Drones that dig holes and plant sensors sounds seemingly easy, but it’s not. The NIMBUS Lab at the University of Nebraska has been developing drones that carry a portable digging system, locate a spot to dig, land, verify that the landing spot can easily be dug into, dig a hole, install the sensor, and finally, fly away.
Originally, the Nebraska Intelligent MoBile Unmanned Systems (NIMBUS) Lab presented a paper at IROS that outlined a quadcopter with the ability to carry an auger with an embedded sensor and plant it into the ground. A few weeks later at ISER, they presented another paper on how the drone can autonomously determine whether the landing spot is a good digging spot.
The biggest challenge to designing this drone was keeping it in the air despite having a drilling rig, sensors, and computers, which is all necessary, yet heavy, equipment for the drone to carry around. This is especially important since the whole point of the drone is to place sensors in locations that are particularly hard for humans to navigate.
In response, NIMBUS Lab came up with a solution: a helicarrier, a parachute, and a unique drone deployment system. The project, known as UAS Digging and In-Ground Sensor Emplacement, has provided a video of the interesting concept.
A large UAS carries a smaller UAS in a capsule to permit long-range transport, according to Carrick Detweiler, co-director at NIMBUS Lab in an interview with IEEE Spectrum. Once the drones reach a spot near the goal location, the smaller UAS drops and parachutes down to the ground.
“We use a parachute as this allows the capsule to be dropped from most any altitude. When it is low enough, the capsule releases, then the arms on the UAS extend before detaching from the parachute to fly to the goal location,” said Detweiler, according to IEEE. “We travel with the arms folded up to reduce the size of the capsule to make the whole system more aerodynamic. The [smaller] UAS is based on a heavily modified DJI S1000 using with a Pixhawk flight controller to allow autonomy. Our UAS then flies to the goal location to dig a hole in the ground to emplace a sensor.”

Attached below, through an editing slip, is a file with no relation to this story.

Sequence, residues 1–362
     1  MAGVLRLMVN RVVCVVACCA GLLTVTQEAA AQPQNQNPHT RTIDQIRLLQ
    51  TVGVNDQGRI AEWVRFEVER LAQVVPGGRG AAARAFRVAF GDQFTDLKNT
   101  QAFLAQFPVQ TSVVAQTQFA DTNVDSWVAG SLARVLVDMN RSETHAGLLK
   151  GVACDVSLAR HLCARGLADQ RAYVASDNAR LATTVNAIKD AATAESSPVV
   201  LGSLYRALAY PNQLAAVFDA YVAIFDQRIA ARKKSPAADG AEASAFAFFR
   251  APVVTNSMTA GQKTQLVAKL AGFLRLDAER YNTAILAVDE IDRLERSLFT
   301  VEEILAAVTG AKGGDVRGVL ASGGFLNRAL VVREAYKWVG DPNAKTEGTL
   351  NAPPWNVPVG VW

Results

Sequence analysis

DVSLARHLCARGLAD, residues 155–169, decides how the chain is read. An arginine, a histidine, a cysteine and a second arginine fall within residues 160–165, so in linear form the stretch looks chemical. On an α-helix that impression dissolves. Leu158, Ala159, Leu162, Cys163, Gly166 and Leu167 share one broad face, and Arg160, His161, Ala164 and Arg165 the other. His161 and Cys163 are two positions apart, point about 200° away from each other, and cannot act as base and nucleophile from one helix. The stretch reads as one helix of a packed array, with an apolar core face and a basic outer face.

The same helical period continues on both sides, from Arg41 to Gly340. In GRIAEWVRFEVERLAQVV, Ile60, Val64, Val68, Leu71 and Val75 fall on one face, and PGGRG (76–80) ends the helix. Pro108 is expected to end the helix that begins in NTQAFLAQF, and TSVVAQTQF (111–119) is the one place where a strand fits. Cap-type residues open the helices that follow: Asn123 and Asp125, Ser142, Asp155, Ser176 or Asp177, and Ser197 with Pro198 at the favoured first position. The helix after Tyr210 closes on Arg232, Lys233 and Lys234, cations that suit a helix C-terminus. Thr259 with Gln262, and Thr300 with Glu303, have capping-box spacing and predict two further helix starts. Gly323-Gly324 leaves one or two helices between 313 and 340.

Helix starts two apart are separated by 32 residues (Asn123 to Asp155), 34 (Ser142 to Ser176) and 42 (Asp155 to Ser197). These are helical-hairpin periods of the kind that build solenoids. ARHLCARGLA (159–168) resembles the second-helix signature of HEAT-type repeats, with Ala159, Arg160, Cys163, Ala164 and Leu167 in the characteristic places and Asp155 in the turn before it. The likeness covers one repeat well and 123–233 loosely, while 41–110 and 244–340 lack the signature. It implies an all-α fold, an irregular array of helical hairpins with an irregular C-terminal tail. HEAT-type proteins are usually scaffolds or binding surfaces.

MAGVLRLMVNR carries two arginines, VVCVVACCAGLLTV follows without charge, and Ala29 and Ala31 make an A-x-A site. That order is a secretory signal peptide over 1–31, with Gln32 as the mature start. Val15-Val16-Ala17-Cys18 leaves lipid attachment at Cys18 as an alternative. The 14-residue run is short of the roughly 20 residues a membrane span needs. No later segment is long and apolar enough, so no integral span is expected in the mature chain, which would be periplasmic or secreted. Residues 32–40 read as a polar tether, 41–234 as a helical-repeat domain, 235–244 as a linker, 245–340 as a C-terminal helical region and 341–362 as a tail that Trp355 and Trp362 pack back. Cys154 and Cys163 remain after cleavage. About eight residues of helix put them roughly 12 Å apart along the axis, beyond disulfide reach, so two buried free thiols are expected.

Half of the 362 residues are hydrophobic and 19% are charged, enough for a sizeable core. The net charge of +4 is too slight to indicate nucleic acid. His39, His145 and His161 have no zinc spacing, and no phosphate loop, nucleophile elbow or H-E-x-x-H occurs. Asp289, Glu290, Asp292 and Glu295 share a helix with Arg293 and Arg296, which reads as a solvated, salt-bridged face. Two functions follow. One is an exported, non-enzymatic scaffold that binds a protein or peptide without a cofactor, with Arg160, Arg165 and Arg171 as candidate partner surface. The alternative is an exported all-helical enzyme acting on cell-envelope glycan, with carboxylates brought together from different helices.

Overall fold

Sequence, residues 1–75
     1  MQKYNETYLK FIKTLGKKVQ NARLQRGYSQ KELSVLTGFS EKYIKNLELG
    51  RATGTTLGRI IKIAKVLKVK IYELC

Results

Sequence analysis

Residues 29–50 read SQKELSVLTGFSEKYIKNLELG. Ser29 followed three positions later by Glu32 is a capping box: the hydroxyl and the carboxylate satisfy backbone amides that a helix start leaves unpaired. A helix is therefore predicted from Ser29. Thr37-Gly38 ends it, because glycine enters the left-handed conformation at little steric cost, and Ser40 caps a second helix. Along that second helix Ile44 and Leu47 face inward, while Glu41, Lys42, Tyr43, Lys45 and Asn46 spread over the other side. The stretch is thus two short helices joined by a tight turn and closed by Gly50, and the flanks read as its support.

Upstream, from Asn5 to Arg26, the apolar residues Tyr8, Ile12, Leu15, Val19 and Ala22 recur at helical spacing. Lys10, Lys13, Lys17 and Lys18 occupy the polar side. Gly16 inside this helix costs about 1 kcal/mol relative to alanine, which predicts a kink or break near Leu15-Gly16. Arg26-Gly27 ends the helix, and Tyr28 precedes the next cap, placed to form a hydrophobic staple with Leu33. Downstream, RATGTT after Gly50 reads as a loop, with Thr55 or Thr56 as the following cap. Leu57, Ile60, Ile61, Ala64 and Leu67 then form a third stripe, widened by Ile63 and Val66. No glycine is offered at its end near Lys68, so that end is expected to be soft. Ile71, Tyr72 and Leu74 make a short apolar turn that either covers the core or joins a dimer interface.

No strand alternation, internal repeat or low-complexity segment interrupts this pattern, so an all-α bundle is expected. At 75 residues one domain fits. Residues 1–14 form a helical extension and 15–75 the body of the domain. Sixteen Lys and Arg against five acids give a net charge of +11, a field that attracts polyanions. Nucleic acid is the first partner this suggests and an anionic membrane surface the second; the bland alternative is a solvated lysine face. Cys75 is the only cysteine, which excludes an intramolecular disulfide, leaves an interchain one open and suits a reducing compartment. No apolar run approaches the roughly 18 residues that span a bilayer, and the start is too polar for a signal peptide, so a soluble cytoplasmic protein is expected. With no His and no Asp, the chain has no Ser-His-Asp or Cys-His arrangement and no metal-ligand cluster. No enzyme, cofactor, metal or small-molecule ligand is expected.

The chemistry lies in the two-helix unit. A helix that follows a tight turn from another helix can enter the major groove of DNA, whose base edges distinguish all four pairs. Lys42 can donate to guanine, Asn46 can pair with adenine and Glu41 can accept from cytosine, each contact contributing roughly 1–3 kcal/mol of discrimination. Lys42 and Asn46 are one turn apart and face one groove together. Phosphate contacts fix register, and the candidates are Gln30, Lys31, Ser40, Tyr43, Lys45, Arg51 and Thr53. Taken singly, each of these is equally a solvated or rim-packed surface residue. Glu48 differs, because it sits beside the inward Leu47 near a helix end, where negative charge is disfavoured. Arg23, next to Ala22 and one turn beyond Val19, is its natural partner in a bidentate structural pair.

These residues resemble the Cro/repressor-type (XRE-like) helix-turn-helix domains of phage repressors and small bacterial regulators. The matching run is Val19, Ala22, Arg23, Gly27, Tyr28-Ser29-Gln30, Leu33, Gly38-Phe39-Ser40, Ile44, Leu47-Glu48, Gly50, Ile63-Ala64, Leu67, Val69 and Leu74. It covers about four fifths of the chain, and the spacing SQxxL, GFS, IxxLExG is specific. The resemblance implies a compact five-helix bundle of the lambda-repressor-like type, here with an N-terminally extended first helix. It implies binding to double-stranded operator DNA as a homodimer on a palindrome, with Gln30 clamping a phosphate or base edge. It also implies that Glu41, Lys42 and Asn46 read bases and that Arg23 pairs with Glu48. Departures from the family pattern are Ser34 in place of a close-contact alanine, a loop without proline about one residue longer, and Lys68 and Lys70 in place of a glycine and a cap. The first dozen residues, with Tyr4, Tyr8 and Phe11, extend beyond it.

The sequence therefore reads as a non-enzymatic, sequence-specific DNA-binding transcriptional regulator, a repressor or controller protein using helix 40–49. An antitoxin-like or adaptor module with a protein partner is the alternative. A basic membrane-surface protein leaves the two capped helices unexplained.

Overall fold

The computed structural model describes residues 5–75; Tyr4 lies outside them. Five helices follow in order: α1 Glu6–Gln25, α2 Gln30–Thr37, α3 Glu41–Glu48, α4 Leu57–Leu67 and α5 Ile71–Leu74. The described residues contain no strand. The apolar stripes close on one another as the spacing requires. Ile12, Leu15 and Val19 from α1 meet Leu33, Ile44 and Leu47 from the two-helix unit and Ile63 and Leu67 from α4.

Detweiler said they chose this deployment system since battery-powered drones have shorter flight times. In order to address this problem and navigate to distant locations, the smaller UAS needed to hitch a ride somehow. In the video, they used a large, gas-powered UAS with extended hours of flight time, but a manned aircraft or other systems could also carry the smaller UAS.
A potential use for these autonomous drones are navigating to places such as wetlands that are hard to get to and hard to plant sensors in mushy ground.
“Our system can be used to deploy a wide range of sensors in remote or hard to access locations. We have a USDA-NIFA project where we are deploying sensors and UASs in sensitive wetlands environments, which are often hard to access in other ways without impacting the environment,” said Detweiler. “We need to dig the sensors into the ground both to secure the sensors so they don’t get washed away, but also for sensors such as soil moisture sensors that need good contact below the surface.”
Additionally, the systems aren’t perfected yet. Detweiler pointed out that unpredicted weather made the lab consider some adjustments for the future of these drones.
“Field experiments with real systems are always challenging. In this case it was particularly challenging as our system was carried over 10 miles and in weather we had not previously tested in (high winds and below freezing temperatures),” said Detweiler. “This emphasized the need for greater autonomy systems that can automatically monitor to detect faults and take corrective actions in situations that the programmers may not have initially envisioned. We will be continuing to work on this system to increase the robustness to uncertain conditions.
The researchers also believe beyond sensor placement, the drones could be used to team up for range extension and payload delivery in areas such as medical supply delivery and delivering more drones.
Filed Under: Rapid prototyping